Use this URL to cite or link to this record in EThOS: https://ethos.bl.uk/OrderDetails.do?uin=uk.bl.ethos.823621
Title: Revolutionary discourse and policy process : the complexities of operation production in Mozambique, 1962-1992
Author: Quembo, Carlos
ISNI:       0000 0005 0292 1660
Awarding Body: University of Oxford
Current Institution: University of Oxford
Date of Award: 2021
Availability of Full Text:
Access from EThOS:
Full text unavailable from EThOS. Please try the link below.
Access from Institution:
Abstract:
In 1983, the Front for the Liberation of Mozambique (Frelimo) adopted Operation Production (OP), aiming, at least in discourse, at transforming the "unproductive people" deemed to be the cause of urban chaos into "productive people", largely through agriculture in rural Mozambique. At its end in 1988, between 40,000 to 100, 000 people had been sent to rural Mozambique. Based on the analysis of the Frelimo leadership's ideology and values, triangulated with oral stories of those subject to OP, information from the local and international press, in-depth interviews with members of the Frelimo leadership, mid-low-level state officials, Mozambican National Resistance (Renamo) members, workers from state companies, and observation from the field, this thesis tells the story of the making, implementation and end of OP through a retrospective analysis. It starts with a discussion of the colonial-period ideological construction that led to its urban management model. Then, it explores the trajectory of the Frelimo leadership, the origin of their ideas before tackling the ways in which this past shaped Frelimo's imaginary of urban order that led to OP. The thesis then explores the relationship between ideology, imaginary and policy choice, and its implementation. Finally, it addresses the ways in which OP ended. I argue that the Frelimo leadership's ideas, values and imaginary, shaped by their experience of colonial order, by their military experience during the liberation struggle, and by the socio-economic and political context of the 1970s and the 1980s, was decisive in the making and implementation of OP. It resulted from the Frelimo leadership's ideology and imaginary, framed in their discourse, associated with the context of economic crisis and war of the late 1970s and the 1980s. More than increased production, emphasized in discourse, the main goal of OP was to achieve Frelimo's urban order (the "socialist city"), which was inspired by the historical trajectory of its leadership. The way OP ended, against the Frelimo leadership's wishes, reveals the limitation of ideology and values to maintain policy. The thesis demonstrates the importance of understanding the social and historical origins of the Frelimo leadership, their experiences and history, their ideological predisposition, and the context in which they constructed and used discourse to disentangle African politics, particularly in a highly centralized and ambitious party-state with no strong bourgeoisie or independent state bureaucracy, such as "socialist" Mozambique. The Frelimo leadership had their own perception of urban development, which can be explained through a retrospective and contextualized analysis of their discourse.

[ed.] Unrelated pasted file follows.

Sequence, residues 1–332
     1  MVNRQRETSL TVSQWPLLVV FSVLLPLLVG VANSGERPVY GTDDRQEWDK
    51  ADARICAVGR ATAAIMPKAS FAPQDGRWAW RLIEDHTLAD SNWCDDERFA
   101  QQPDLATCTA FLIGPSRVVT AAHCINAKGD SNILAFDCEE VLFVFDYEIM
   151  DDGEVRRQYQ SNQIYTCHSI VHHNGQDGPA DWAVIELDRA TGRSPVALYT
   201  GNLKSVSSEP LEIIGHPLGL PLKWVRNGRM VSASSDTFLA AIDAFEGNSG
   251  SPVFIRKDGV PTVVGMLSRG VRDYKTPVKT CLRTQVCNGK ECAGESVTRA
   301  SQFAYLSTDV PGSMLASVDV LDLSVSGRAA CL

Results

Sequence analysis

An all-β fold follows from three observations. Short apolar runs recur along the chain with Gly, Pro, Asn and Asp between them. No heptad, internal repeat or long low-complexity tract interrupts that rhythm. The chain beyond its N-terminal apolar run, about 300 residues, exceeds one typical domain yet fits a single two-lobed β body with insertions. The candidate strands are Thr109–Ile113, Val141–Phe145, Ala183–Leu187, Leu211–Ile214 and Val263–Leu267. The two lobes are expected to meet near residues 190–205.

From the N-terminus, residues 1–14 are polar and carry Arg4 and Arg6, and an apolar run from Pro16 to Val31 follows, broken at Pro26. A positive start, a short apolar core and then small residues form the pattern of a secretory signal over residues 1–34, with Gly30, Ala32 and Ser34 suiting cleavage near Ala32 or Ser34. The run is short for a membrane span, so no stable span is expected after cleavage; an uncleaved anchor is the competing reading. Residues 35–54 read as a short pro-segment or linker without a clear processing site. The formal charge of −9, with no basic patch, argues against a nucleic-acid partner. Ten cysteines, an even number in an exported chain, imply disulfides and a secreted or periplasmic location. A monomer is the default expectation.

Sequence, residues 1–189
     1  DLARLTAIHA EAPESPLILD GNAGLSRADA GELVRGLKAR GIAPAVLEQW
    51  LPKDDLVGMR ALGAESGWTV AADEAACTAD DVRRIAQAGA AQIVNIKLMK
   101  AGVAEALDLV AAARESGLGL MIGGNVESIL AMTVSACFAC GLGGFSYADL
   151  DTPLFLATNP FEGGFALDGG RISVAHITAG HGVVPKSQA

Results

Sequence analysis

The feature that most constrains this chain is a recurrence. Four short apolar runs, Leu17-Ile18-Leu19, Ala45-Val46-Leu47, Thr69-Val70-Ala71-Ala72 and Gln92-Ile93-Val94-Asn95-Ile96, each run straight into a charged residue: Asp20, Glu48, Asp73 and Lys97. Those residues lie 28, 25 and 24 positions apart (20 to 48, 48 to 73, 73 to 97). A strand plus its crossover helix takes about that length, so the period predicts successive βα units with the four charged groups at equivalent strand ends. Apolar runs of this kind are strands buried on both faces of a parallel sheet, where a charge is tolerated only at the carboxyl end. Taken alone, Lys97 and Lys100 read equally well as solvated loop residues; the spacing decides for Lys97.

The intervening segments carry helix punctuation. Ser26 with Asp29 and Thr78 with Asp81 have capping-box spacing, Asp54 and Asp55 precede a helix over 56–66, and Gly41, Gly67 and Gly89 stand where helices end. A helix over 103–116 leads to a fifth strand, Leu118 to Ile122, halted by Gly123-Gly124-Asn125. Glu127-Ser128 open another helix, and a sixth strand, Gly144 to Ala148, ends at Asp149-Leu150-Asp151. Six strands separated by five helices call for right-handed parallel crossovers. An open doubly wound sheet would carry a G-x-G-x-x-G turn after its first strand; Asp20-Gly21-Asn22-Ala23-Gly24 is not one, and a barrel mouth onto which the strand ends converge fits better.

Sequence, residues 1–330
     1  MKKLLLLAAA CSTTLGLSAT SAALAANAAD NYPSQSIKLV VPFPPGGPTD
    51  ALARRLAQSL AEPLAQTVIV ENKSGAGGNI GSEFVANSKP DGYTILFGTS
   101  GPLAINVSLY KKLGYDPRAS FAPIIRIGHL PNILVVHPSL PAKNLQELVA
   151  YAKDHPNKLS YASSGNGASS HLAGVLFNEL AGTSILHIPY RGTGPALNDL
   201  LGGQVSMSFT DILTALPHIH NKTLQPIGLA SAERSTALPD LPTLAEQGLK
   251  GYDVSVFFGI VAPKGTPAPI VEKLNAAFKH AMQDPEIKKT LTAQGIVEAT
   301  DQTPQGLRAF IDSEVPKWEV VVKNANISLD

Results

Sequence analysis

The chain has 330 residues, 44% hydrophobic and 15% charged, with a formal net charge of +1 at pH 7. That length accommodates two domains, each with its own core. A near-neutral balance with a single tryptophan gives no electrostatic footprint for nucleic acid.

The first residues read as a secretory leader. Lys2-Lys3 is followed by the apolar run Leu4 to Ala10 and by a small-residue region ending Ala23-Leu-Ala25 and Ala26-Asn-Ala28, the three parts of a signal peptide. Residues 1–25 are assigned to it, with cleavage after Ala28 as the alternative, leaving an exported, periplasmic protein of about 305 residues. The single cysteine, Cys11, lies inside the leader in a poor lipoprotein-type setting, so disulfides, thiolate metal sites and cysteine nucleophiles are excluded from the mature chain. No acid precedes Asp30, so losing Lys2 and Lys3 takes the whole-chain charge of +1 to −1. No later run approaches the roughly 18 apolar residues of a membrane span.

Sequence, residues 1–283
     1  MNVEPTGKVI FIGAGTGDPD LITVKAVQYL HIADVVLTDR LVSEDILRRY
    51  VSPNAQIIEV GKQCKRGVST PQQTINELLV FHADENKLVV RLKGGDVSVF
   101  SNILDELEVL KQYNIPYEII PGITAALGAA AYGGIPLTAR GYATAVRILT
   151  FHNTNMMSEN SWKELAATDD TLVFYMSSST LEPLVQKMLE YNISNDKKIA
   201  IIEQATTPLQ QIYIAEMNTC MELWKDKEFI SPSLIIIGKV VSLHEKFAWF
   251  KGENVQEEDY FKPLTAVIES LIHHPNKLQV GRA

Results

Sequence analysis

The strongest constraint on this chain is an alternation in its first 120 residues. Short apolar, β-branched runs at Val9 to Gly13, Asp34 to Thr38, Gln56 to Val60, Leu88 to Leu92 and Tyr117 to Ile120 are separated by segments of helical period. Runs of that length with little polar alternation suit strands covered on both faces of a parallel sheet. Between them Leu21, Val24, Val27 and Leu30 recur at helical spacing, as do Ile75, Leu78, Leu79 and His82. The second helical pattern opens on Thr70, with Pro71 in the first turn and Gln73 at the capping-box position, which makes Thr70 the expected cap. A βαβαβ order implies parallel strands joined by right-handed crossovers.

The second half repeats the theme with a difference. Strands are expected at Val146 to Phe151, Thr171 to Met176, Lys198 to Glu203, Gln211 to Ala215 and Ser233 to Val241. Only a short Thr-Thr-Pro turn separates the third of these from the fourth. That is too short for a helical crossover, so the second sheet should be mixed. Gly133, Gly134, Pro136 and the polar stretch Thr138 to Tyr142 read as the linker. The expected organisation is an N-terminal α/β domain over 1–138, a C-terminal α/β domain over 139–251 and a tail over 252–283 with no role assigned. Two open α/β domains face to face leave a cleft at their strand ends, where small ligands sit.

Supervisor: Alexander, Jocelyn Sponsor: Eni Scholarship
Qualification Name: Thesis (Ph.D.) Qualification Level: Doctoral
EThOS ID: uk.bl.ethos.823621  DOI: Not available
Keywords: History ; Development Studies ; Political Science
Share: